IAEA chides Iran for undeclared change to Fordow uranium enrichment setup
IAEA chides Iran for undeclared change to Fordow uranium enrichment setup/node/2243061/middle-east
IAEA chides Iran for undeclared change to Fordow uranium enrichment setup
The UN nuclear watchdog criticised Iran for making an undeclared change to the interconnection between the two clusters of advanced machines enriching uranium to up to 60% purity, close to weapons grade, at its Fordow plant. (File/AFP)
VIENNA: The UN nuclear watchdog criticized Iran on Wednesday for making an undeclared change to the interconnection between the two clusters of advanced machines enriching uranium to up to 60 percent purity, close to weapons grade, at its Fordow plant.
The International Atomic Energy Agency found the change during an unannounced inspection on Jan. 21 at the Fordow Fuel enrichment Plant (FFEP), a site dug into a mountain where inspectors are stepping up checks after Iran said it would dramatically expand enrichment.
Fordow is so sensitive that the 2015 nuclear deal between Iran and major powers banned enrichment there. Since the United States pulled out of the deal in 2018 and re-imposed sanctions against Iran, the Islamic Republic has breached many of the deal’s restrictions on its nuclear activities.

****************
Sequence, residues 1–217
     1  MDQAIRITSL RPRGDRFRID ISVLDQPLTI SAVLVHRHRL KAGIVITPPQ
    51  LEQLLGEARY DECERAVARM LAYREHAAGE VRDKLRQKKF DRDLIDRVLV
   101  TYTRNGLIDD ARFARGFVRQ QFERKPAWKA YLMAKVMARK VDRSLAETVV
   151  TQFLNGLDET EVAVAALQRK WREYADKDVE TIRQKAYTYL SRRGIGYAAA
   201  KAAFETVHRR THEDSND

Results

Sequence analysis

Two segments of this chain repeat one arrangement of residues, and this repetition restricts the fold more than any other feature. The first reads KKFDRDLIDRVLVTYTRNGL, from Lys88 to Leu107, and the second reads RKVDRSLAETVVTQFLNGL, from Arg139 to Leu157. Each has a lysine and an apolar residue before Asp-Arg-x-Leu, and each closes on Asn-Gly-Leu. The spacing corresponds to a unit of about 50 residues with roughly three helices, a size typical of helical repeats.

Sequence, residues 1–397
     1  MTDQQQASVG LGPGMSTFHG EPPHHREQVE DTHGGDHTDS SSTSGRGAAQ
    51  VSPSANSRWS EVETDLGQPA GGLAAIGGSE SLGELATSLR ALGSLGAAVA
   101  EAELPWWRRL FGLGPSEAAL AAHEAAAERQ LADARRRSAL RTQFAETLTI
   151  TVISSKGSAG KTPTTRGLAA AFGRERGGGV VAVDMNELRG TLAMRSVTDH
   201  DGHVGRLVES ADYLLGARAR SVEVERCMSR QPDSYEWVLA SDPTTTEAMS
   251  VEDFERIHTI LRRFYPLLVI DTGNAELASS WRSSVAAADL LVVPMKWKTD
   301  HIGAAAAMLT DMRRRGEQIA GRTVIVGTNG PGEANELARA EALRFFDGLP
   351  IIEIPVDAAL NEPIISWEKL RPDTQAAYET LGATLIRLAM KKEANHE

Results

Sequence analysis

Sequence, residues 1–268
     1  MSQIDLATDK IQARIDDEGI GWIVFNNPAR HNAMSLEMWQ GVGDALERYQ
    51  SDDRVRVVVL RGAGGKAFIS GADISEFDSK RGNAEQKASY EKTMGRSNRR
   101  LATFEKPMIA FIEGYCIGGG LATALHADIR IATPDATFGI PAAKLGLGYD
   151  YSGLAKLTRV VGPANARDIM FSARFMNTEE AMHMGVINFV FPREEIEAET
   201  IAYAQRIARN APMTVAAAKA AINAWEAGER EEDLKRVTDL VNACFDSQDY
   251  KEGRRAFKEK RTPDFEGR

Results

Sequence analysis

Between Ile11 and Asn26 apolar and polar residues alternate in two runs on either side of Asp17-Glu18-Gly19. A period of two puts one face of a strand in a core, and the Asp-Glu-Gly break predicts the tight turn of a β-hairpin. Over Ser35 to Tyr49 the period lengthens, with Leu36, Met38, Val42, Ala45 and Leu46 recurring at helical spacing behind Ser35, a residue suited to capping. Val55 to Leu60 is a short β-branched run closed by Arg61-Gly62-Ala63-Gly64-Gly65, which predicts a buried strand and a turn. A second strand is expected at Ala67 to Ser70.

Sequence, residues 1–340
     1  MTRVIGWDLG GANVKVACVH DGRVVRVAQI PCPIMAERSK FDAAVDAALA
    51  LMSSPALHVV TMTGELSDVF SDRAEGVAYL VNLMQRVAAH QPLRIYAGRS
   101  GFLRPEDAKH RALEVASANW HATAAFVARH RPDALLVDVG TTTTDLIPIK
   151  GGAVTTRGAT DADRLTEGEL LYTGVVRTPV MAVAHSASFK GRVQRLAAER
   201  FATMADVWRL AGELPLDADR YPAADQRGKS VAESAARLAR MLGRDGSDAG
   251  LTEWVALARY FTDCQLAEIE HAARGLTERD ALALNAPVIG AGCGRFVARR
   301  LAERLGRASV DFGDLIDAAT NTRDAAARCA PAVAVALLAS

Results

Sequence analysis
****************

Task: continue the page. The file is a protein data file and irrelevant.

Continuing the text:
In a confidential report to member states seen by Reuters, the IAEA did not say how the interconnection between the two cascades of IR-6 centrifuges had been changed except that “they were interconnected in a way that was substantially different from the mode of operation declared by Iran (to the IAEA).”
In a public statement summarising that confidential report, the IAEA said its chief Rafael Grossi “is concerned that Iran implemented a substantial change in the design information of FFEP in relation to the production of high-enriched uranium without informing the Agency in advance.”
“This is inconsistent with Iran’s obligations under its Safeguards Agreement and undermines the Agency’s ability to adjust the safeguards approach for FFEP and implement effective safeguards measures at this facility.”
The IAEA has had regular access to Fordow to carry out verification activities like inspections and it is in talks with Iran on stepping up those activities, the report said.